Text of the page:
Young Adult Fiction! discussion

just getting into YA lit

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message 1: by Autumn Skye (last edited Aug 25, 2016 11:52AM) (new)

Autumn Skye (cuddlebot) | 17 comments Mod
what would you recommend to someone just becoming a teenager (say, turning twelve or thirteen)?
what would be the best choice for First young adult book to read?

message 2: by An (last edited Aug 25, 2016 11:54AM) (new)

An | 7 comments again, i'm gonna have to go with TheGiver... or the christopher pike books i mentioned in the other post.

of course, i don't know what the "kids these days" are into... but i really liked those books when *I* was an early teen

message 3: by Lara (last edited Aug 25, 2016 11:57AM) (new)

Lara | 6 comments The Giver is a really good book to show the reader the Utopian/ Distopian lifestyle.

I would have to know the child's likes and dislikes before truly recommending anything for them to read, however, I can say that books such as The Once and Future King, by T. H. White or Something Wicked This Way Comes, by Ray Bradbury are very good "beginner" books.

I remember when I was younger, I would read anything I could get my hands on. I even read travel books! I also formed a great appreciation for gothic lit as well as horror when I was 12, so it really depends on the child.

message 4: by jacky (last edited Aug 25, 2016 11:57AM) (new)

jacky I think I disagree with Lara. I have not read either book she suggested, but am familiar with the titles. I teach 14 year olds, and most of them would be intimidated by 640 pages of The Once and Future King. Also, I have my students read The Veldt and There will Come Soft Rains, both by Bradbury, and they struggle with them. I offer Fahrenheit 451 to my honors students late in the year and many of them have difficulty with that as well. So, I would say that those texts are probably too much for your average 12 year old.

I would instead recommend the older character Judy Blume books (like Forever or Tiger Eyes) for girls (those are what I read at that age). Other titles: Stargirl, The Giver, Speak, Before We Were Free, Holes, The Westing Game, Out of the Dust. As far as authors: Gary Paulson, Ann Rinaldi, Jerry Spinelli, and Chris Crutcher.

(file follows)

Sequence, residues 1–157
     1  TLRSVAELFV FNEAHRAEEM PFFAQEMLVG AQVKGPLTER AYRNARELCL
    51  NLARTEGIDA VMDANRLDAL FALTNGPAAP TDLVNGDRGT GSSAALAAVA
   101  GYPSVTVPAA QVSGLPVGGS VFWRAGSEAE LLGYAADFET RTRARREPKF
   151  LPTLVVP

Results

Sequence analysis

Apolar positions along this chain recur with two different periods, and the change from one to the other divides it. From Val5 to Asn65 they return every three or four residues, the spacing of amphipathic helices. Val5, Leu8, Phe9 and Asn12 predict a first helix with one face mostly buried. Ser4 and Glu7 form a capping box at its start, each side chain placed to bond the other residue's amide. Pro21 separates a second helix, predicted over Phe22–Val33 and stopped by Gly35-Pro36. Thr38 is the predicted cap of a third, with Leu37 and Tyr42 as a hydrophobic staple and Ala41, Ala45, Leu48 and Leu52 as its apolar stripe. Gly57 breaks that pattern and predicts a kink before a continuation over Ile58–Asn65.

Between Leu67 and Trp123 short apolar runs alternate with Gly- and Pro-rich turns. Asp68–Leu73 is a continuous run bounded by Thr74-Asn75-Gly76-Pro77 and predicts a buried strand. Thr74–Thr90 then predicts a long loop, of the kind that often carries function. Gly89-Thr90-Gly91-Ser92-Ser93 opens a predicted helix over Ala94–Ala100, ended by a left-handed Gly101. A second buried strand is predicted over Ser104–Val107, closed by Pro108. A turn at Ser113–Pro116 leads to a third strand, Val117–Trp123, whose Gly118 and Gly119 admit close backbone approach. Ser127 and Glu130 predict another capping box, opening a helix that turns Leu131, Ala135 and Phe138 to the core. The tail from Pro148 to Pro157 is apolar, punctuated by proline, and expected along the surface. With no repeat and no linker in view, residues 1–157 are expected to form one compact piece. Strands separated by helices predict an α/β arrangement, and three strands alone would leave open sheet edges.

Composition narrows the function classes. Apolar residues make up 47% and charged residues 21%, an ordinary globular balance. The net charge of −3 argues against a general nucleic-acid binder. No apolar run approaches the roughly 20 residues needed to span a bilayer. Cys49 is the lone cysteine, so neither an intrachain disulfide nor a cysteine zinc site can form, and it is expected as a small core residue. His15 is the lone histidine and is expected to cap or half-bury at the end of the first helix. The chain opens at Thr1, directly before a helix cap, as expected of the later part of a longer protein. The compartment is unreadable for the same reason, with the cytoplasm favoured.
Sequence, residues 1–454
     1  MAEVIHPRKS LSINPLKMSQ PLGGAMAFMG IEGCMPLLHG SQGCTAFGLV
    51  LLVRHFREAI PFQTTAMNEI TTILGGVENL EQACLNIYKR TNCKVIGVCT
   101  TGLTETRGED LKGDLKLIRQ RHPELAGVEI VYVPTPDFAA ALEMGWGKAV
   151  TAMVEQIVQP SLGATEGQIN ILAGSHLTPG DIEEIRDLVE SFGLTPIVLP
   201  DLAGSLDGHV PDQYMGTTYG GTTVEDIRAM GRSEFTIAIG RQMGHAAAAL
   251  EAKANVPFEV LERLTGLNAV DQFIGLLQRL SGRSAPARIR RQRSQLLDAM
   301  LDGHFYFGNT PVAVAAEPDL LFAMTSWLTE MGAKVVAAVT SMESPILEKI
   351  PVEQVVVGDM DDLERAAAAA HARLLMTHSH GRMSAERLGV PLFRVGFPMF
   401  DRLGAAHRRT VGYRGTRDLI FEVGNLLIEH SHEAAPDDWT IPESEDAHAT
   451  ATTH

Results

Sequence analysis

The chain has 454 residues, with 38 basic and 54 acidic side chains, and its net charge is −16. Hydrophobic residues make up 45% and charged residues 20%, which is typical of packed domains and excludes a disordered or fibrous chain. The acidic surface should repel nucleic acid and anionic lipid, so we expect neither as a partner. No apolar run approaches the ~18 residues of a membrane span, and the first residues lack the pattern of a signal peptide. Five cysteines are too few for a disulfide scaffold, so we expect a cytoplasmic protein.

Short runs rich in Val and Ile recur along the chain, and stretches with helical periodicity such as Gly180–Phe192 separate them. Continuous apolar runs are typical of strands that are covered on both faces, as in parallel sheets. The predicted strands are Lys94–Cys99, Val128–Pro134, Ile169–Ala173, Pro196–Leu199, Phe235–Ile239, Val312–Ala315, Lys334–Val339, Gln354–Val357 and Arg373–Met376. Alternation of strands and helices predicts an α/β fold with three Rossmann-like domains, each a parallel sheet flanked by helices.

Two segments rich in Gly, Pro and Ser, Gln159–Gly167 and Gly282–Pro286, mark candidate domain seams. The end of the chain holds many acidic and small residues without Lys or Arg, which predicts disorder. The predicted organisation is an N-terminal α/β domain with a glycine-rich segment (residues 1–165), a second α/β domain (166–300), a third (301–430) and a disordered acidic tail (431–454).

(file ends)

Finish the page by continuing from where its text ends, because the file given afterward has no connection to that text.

message 5: by Diane (last edited Aug 25, 2016 12:02PM) (new)

Diane (dianes) Some other good choices: Thief Lord by Funke, Coraline by Gaiman, The Thief by Turner, Poison by Wooding, the Alex Rider adventures by Horowitz, Hope Was Here by Joan Bauer, Hatchet by Paulsen,Sharon Creech's books, such as Walk Two Moons or Catherine Called Birdy, and of course The Giver (and Gathering Blue and Messenger)!
We make it easy at the library I work at, since we have a YA section downstairs by the adult area, and upstairs by the children's area we have a YA2 section, with books appropriate for 6th through 8th graders.

message 6: by Autumn Skye (last edited Aug 25, 2016 12:04PM) (new)

Autumn Skye (cuddlebot) | 17 comments Mod
that's a really interesting system, i've definitely never seen anything like that at the libraries near me.

message 7: by Jessica (last edited Aug 25, 2016 12:04PM) (new)

Jessica Our library has two areas for young people -- the large children's room has a special area for 5th and 6th graders, with appropriate literature, plus a shelf of illustrated books for older readers. The 7th-12th grade YA area is a special room right off the adult non-fiction circulating stacks, and it's wonderful, with a full collection of YA fiction and non-fiction, big cushy chairs, a homework area, and cool neon signs. It's a very inviting place for teens, and not childish at all. It's very cool that it's located off the adult library. I only wish it had been there when I was growing up in my town.

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